Marketers urged to merge social and online display ad teams in 2016

With 2016 almost upon us, marketers have been urged to move towards a ‘channel agnostic’ display strategy and merge their social and display advertising teams to improve consistency.

According to a report by Forrester, European online display advertising revenue will grow at 12.1% annually between 2015 and 2020, and will reach €17.7 billion by 2020 — more than double 2014 levels. The UK and Germany alone will represent almost 50% of this growth.

And Forrester advises: “Social ads are display ads more than they are ‘social’ but only 27% of media teams are in charge of social ad budgets, compared with 54% of social teams.

“To move toward a channel-led agnostic display strategy, social advertising should be the remit of media teams to ensure consistency in audience buying and take advantage of opportunities for cross-channel optimisation.”

The report also claims that social media ad spend will grow 20% annually between 2015 and 2020, reaching €10.9 billion by the end of that period.

Why programmatic and video are not ‘mass mediums’ yet

In particular, Forrester claims programmatic adoption will ‘skyrocket’ within Europe, with the share of online display ads that are traded programmatically jumping 37.5% in 2015 to 61% in 2020. And by the end of 2020, over half of video advertising revenue will be sold and executed programmatically.

Yet despite the rise of programmatic and, in particular, video advertising, Forrester has advised marketers to not look at either as “mass mediums” just yet.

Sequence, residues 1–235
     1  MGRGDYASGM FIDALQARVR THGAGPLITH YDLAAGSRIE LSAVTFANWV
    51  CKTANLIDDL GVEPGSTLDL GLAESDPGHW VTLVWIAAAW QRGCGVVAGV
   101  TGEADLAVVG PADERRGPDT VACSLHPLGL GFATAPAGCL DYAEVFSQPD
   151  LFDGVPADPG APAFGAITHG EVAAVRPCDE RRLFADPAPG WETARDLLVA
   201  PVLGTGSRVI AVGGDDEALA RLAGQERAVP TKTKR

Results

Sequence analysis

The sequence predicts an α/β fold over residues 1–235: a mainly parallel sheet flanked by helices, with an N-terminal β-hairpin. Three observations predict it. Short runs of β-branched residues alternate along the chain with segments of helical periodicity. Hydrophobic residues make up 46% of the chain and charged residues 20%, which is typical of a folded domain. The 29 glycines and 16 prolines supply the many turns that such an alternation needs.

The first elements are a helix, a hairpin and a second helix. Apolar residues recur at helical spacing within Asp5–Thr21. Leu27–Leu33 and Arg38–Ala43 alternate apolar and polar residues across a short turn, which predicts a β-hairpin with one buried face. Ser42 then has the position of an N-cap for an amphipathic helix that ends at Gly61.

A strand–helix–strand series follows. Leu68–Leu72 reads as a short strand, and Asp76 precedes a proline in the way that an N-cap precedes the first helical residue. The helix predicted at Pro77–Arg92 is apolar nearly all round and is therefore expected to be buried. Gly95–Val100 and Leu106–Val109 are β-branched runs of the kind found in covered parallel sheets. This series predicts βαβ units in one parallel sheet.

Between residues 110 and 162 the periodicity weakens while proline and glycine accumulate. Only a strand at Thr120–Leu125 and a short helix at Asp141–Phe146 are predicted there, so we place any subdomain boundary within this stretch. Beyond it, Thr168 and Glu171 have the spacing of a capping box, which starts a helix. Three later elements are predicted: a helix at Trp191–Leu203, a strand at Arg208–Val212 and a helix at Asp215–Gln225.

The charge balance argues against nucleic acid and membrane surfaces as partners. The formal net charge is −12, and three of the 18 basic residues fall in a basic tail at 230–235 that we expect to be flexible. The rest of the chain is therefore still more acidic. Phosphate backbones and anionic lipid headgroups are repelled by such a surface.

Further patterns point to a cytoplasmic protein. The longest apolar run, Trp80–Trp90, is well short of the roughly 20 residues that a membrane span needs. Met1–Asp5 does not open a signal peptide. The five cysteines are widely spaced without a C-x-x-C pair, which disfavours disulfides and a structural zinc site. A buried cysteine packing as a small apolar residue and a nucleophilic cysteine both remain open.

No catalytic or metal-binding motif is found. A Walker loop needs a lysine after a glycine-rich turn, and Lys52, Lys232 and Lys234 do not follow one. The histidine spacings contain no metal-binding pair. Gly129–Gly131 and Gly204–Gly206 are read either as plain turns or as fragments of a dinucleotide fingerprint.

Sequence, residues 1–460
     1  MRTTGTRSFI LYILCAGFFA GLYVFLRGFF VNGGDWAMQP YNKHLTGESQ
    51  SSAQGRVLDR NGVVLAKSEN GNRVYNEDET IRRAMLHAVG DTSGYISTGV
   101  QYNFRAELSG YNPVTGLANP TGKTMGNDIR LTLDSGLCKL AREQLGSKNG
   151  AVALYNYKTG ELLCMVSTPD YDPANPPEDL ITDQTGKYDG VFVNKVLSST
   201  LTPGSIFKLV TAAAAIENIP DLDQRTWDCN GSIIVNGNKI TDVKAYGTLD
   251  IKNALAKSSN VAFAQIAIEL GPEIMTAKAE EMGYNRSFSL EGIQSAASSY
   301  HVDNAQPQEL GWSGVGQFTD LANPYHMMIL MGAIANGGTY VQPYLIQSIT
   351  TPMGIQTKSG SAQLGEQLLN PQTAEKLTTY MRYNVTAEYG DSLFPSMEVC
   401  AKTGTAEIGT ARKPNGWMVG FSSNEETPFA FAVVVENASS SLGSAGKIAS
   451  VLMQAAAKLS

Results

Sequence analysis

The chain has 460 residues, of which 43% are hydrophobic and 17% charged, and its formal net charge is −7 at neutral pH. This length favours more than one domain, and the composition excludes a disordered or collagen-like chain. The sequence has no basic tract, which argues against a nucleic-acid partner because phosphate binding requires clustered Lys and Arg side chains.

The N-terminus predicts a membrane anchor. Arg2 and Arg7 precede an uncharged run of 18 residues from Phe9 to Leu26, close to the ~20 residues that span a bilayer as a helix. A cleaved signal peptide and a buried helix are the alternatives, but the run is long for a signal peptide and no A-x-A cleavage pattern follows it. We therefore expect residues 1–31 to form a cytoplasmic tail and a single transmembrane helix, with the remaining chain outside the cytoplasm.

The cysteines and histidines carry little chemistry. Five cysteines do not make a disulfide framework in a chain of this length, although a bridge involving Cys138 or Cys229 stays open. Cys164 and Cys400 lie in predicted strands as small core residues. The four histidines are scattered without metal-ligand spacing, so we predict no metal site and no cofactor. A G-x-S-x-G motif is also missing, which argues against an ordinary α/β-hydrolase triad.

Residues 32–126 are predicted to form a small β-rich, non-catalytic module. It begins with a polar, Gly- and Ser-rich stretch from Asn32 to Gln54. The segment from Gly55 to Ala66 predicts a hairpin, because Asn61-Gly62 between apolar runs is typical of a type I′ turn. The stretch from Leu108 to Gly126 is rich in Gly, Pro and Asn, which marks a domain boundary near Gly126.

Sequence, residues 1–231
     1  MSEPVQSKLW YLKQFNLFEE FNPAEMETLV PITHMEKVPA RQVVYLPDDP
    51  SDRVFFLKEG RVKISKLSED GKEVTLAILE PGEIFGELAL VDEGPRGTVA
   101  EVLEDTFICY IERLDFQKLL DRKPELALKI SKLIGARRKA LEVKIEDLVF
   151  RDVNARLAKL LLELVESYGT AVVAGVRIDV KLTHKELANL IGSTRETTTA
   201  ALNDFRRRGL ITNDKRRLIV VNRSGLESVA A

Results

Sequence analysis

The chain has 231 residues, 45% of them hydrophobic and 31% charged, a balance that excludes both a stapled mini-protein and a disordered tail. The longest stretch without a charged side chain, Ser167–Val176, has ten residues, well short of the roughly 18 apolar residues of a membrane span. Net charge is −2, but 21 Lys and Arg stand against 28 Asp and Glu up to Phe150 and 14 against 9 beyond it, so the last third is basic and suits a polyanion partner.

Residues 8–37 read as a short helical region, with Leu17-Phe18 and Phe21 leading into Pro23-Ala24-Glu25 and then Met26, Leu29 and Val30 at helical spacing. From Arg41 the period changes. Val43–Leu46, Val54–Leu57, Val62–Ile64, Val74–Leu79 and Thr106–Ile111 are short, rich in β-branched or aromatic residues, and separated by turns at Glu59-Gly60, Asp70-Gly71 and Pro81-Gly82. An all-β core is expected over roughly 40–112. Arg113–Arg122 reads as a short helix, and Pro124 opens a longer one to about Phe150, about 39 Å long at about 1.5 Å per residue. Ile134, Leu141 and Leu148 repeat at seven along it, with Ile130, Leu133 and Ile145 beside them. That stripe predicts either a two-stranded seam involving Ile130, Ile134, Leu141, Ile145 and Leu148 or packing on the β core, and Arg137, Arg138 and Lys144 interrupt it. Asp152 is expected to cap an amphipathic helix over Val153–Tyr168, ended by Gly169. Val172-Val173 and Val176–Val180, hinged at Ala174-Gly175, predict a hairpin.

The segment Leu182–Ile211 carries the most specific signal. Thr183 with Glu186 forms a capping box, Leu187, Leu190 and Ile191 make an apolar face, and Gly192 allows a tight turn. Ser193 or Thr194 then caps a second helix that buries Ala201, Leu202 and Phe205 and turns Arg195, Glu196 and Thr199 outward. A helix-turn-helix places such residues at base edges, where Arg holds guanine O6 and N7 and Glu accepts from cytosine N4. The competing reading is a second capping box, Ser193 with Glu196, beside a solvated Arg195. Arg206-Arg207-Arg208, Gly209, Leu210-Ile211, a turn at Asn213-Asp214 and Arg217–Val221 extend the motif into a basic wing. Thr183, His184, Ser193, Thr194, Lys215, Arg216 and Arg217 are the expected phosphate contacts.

“Don’t think of online video ads as a mass medium, yet, as to make the most of online video advertising, marketers need to first give up on 30-second TV spots and that takes time.

“Instead, they should take a cue from advertisers who use audience insights to increase relevancy when using Facebook video ads.”

Improving mobile to counter ad blocking

European marketers’ investments in online display and social media advertising will hit €28.7bn by 2020, according to Forrester. This shift will be led by video, with the report suggesting that 41% of 16 to 24 year olds in the UK spend more than 5 hours a week watching TV and video online – compared to 49% who spend the same amount of time watching TV and Video on a conventional TV set.

Smartphone and tablet together will account for 64% of online display advertising spend by 2020, with the former experiencing the strongest growth reaching €6.5 billion in 2020, up from €1.4 billion in 2015.

And to capitalise on this shift, Forrester says a focus on ad blocking is crucial.

“Brands must improve their mobile ad experience to counter ad blocking. Ad blocking will force advertisers and publishers to develop better ads. Repurposed desktop ads and intrusive advertising that burns through consumers’ data plans and interrupt their mobile browsing experience are driving them to adopt ad blockers,” the report reads.

“Certain ad blockers agree to white list advertisers against a fee and provided their mobile ads comply with certain “acceptable ad” criteria. Marketers should say goodbye to the traditional mobile banner ad attack, and focus on improving how their ads affect consumers’ mobile experiences.”



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